Saturday, May 29, 2010

Prunes Pouched in Red wine, or "I like prunes, how about you?"

Sometimes I think we need to concentrate on the funny foods. Like prunes. Prunes are the laughing stock of food, and such a pity. I read a recipe years ago that tried to address that issue and then went on to give the the recipe a more glamorous name. Dried Plum whatever, instead of Prune whatever. I remember the content was aimed at younger cooks and the goal was to get the cook, cooking with prunes, I mean dried plums. The nutritionist wrote about the great food value in dried plums; the minerals, the fiber, the great taste, and the convenience.
But.....can't we just say prunes?
And mean prunes?
And know that they are delicious, available in your pantry at all times (unless you forgot them at the store, which would be such a pity) and make for great foods, both sweet and savory?

We can?! Oh, OK, great.

Today I am making Prunes Poached in Red Wine, for Sunday Cafe. The recipe states to simmer and serve, but I wanted to make this a day ahead and let the cinnamon sticks add more flavor. I only made one change I used 3 cinnamon sticks, instead of only 2. I used Merlot as the dry red wine, it is what I had open.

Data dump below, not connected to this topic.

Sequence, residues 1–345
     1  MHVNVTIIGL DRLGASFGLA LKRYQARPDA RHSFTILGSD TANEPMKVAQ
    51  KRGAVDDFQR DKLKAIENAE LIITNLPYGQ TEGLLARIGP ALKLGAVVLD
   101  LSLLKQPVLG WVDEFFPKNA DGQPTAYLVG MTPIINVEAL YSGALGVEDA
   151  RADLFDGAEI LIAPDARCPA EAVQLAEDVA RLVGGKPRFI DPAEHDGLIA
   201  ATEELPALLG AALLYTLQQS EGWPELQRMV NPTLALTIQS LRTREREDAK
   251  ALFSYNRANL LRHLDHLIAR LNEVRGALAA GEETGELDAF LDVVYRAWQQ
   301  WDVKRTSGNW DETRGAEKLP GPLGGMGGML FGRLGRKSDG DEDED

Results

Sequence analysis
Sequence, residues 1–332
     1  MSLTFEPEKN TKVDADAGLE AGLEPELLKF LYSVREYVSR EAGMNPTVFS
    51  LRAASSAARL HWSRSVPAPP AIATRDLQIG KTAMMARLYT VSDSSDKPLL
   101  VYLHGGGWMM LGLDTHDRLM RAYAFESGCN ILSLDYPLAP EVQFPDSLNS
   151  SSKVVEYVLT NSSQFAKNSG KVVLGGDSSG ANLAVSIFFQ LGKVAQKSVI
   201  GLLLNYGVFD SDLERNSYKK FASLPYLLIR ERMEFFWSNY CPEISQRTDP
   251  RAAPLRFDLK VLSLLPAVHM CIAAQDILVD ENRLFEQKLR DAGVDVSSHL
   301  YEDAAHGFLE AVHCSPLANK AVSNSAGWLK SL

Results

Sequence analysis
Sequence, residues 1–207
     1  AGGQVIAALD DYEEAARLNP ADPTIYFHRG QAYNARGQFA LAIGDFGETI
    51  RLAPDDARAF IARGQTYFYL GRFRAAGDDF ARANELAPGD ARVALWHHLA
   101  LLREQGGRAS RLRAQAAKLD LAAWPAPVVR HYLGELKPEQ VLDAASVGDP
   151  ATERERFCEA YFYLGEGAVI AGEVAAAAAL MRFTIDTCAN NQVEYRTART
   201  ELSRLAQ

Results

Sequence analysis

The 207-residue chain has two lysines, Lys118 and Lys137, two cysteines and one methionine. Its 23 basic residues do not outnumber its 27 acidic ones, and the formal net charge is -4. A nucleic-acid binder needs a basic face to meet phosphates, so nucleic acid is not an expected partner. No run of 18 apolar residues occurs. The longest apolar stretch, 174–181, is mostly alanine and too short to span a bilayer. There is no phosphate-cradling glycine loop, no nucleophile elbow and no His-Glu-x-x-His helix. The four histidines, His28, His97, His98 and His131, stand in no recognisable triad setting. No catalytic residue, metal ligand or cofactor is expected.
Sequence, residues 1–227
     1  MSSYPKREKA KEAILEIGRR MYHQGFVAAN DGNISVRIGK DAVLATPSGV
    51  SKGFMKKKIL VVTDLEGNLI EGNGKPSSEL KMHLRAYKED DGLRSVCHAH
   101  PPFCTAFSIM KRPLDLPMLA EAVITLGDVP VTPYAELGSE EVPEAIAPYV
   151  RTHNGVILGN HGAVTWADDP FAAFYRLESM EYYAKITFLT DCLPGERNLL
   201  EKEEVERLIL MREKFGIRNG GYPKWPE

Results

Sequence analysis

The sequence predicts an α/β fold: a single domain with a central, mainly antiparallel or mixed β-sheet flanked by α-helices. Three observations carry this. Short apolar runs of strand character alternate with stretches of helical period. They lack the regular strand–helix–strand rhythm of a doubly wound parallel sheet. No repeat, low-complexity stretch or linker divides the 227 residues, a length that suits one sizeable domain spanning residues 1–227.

Prunes in Red Wine
adapted from Kitchenography

1 pound pitted prunes (about 40)
1 1/4 c sugar
3 cinnamon sticks
2 1/2 c dry red wine



2 8oz containers Mascarpone cheese 

Combine in a large covered pan. Bring to a boil, reduce heat to simmer, cover and simmer 45 minutes. Transfer to a dish, cover and chill until serving time.



To serve place a large spoonful of the cheese on a rimmed plate or shallow dish, add prunes and drizzle syrup over.

Serves 8

Recipe rating:  Oh Yes! (will make again)

As always thanks for taking a moment to stop and say hello, I appreciate it.

M

1 comment:

Foodessa said...

I make dried figs in a somewhat similar way. As a matter of fact...I'll hopefully be posting it soon.
Now...about prunes: When I was very young my dad used to force me to eat boiled prunes because they were good for me...I hated them!
As a young adult...I kind of avoided them due to being so traumatized by the memory.
I'm a little older now and not so intimidated by them. As a matter of fact I actually use dried puréed prunes as a partial substitute to butter when making baked goods.
I'm taking down your recipe...sounds like an adaptation I may now be able to enjoy ;o)
Flavourful wishes, Claudia